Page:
My introduction to short-term mission was very hot and very humid. One night in Jackson, Mississippi, we visited at someone's house--I couldn't begin to remember whose--but I remember thinking as I walked out into the garden that I had never in my entire life been anywhere near as hot and sweaty as I was during that two-week Mississippi sojourn--and we'd just moved from Arizona.
But I also remember the Civil War lesson I learned at a Mississippi overlook where, once upon a time, 150 years ago, General U. S. Grant tightened his fist around Vicksburg until there was no more breathing. That battle cemented Grant's reputation as a leader Lincoln could trust to win, and it basically cut the Confederacy in half. Some argue that the story of the war was written at the Seige of Vicksburg. I'd never known that before visiting the national park where union canons reigned down terror on a cowering Confederate city.
The bus for the Bible School we created on the Mississippi Delta that July went through endless cotton fields where I saw a level of poverty I never knew existed in rural America. In the South, where towns were still basically halved along racial lines, I experienced what was left of Jim Crow, as much as a white guy could. That too was a wonderful history lesson.
But I also watched 17-year-old girls from our group get groped by little black boys and turn toward them smilingly. Had some kid from Sioux Center Christian School grabbed their buns the way those black boys did, those young women would have unloaded; but these kids were precious--these kids we were trying to save.
There was something weird about that, I thought.
The day we arrived, the thirty or so short-term volunteers we traveled with emptied a semi-trailer full of "mission-barrel" stuff from Iowa, everything from winter clothes to reject books, old stoves to knob-less window air conditioners. It was overwhelmingly hot, Mississippi Delta-hot, the sun laying a wet blanket over the world. Here we were, a couple dozen white people from Iowa, sweating our buns off, unloading that truck, while a whole crowd of what Mississippians might have called "colored folks," sat there watching and waiting for something free to be delivered from the hot maw of that 18-wheeler.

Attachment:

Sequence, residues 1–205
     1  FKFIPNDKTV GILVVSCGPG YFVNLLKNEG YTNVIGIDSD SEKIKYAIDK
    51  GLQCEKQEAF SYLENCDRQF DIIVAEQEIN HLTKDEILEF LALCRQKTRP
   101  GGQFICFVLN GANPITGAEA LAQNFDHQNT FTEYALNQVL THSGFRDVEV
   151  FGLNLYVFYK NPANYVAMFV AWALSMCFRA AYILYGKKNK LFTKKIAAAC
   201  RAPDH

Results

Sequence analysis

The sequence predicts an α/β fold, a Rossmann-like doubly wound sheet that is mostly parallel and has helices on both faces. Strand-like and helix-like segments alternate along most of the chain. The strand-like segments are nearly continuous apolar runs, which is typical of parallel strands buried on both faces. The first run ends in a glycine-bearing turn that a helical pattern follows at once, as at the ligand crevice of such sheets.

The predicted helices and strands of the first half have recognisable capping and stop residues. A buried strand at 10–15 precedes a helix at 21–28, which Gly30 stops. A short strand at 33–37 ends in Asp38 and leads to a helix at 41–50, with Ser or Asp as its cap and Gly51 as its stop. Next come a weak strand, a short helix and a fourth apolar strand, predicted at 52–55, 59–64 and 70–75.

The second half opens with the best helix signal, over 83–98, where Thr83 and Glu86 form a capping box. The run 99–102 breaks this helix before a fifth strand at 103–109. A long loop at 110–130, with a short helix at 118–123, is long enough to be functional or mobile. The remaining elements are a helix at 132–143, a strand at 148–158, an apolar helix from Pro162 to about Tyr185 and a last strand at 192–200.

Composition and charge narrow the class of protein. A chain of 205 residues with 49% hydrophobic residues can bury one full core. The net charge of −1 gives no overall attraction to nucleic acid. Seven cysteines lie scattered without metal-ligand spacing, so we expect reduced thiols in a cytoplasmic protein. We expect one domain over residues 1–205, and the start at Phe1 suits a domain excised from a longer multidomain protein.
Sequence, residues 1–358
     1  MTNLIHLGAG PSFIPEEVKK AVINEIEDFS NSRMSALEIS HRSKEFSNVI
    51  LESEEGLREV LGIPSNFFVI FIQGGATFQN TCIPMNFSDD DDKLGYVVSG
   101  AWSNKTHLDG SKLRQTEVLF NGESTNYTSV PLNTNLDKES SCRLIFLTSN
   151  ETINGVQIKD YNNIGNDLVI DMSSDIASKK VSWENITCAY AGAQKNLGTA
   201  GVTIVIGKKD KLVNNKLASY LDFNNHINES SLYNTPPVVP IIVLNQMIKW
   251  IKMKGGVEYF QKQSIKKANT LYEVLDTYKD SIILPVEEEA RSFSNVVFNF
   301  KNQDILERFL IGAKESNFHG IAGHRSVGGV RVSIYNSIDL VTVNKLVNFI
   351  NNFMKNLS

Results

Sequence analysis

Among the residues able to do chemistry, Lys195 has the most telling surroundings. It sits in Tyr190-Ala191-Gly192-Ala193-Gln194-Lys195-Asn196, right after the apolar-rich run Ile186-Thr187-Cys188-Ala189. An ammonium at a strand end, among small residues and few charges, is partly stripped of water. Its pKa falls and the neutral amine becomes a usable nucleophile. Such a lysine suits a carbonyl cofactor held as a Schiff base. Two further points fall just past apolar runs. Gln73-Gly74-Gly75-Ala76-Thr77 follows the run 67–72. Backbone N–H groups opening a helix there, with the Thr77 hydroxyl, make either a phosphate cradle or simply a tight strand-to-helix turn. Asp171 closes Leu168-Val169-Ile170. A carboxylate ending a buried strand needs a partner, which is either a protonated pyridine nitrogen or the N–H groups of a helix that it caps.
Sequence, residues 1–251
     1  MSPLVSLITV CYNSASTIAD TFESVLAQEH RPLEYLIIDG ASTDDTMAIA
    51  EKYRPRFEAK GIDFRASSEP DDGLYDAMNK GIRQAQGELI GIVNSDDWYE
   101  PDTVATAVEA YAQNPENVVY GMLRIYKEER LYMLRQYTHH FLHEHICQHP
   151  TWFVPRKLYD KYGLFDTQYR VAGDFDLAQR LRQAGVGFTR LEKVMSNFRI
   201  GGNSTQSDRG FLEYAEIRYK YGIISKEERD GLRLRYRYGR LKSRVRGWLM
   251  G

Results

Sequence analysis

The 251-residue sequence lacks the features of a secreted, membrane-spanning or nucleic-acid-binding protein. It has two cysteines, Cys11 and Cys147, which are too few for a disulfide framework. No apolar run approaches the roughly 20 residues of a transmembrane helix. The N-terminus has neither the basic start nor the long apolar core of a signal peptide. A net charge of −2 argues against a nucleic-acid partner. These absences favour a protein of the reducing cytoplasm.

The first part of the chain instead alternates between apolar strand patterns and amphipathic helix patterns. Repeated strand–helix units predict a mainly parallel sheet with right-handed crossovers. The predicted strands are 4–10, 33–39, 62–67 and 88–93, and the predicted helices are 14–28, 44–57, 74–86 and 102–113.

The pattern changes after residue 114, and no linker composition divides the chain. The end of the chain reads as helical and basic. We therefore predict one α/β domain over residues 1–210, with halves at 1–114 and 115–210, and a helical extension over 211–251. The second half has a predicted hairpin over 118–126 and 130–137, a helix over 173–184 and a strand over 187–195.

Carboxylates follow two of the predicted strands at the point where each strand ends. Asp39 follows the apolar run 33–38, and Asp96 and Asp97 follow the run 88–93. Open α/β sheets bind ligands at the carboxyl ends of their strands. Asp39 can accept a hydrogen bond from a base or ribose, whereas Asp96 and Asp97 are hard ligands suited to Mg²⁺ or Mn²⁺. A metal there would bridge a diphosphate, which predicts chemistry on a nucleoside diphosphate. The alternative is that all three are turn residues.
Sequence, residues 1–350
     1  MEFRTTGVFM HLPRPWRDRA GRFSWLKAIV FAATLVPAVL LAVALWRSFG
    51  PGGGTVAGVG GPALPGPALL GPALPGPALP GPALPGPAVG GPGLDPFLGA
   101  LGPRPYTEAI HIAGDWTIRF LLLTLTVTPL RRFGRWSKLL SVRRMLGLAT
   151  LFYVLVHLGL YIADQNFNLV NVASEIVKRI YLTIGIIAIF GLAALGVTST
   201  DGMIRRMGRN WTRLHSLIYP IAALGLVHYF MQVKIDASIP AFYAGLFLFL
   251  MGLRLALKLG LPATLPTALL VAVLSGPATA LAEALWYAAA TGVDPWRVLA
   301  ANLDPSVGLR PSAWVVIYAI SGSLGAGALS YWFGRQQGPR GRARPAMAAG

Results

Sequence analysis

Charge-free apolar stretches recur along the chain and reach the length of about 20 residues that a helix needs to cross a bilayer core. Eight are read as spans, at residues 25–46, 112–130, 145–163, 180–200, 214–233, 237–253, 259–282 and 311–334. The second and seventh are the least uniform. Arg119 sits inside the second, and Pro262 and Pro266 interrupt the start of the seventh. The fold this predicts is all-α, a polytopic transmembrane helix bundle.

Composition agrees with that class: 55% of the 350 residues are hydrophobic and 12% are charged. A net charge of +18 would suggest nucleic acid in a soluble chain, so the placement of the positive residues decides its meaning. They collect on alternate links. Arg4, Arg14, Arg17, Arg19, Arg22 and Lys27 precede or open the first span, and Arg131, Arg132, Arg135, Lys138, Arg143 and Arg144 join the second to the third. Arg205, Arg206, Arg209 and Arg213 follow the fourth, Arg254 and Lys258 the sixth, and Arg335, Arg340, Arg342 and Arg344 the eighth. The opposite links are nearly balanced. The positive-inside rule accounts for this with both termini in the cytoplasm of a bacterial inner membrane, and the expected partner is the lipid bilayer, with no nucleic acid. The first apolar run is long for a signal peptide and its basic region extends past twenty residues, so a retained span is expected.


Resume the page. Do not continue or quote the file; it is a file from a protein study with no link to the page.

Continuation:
That was the very first thing we did, and I remember thinking that there was something wrong here, something way, way wrong.
If all the money that went into short-term missions were designated to help already established mission projects, if World Renew and World Missions suddenly became the recipient of all the bucks spent by well-meaning Christian institutions like Dordt and Northwestern on short-term missions, the outreach of the CRC and the RCA would look different.
But that doesn't happen. Instead, we glory in our servanthood and send hundreds of kids around the world. Why?
Because our kids come back changed. Most people would say that the recipients of our love and care don't change all that much--maybe they pick up a really cheap air conditioner; but we love short-term missions because our kids experience a wholly different world, and that's a great blessing.
We're rich. If we weren't, we couldn't afford to send two dozen kids to Mississippi or Bangladesh. Ten years ago already, I asked my classes how many of them had been across the oceans on some mission trip--basketball or bible schools or building crews. More than half. Most of the kids were from lower-middle class families and not rich. Yet more than half had well-punched passports from short-term mission trips. We are rich. We regularly do extravagant working vacations undertaken under the banner of our Lord.
But are those ventures the best use of all that money?
That's not an easy question to answer.
And just imagine what it's like to watch yet another bus load of white kids from Iowa come rolling into your community to be nice, to paint buildings, to lay cement or install toilets, yet another bus full. It wouldn't take long for you to start to think you're poor and maybe even less fit human beings than they are. Even a little deserving.
Just think Haiti.
Short-term missions are a blessing, but they can also deceive us into believing that we're doing something for others, when the real blessings of a rural Bible school belong to those who teach.
All that glitters is not gold in short-term missions, and anyone who pretends it is is naive.
This Saturday, at Unity Christian High School, Albert Strydhorst, presently the "Missionary in Residence" at Calvin Seminary, will speak on "Redeeming Short-Term missions," a topic that should be near and dear to the hearts of loads of people here in northwest Iowa, where countless short-terms missions will depart in the next year, all of them meaning so very well.
This too is an ad for the Mission Fest. You can register here. We'd love to have you join us.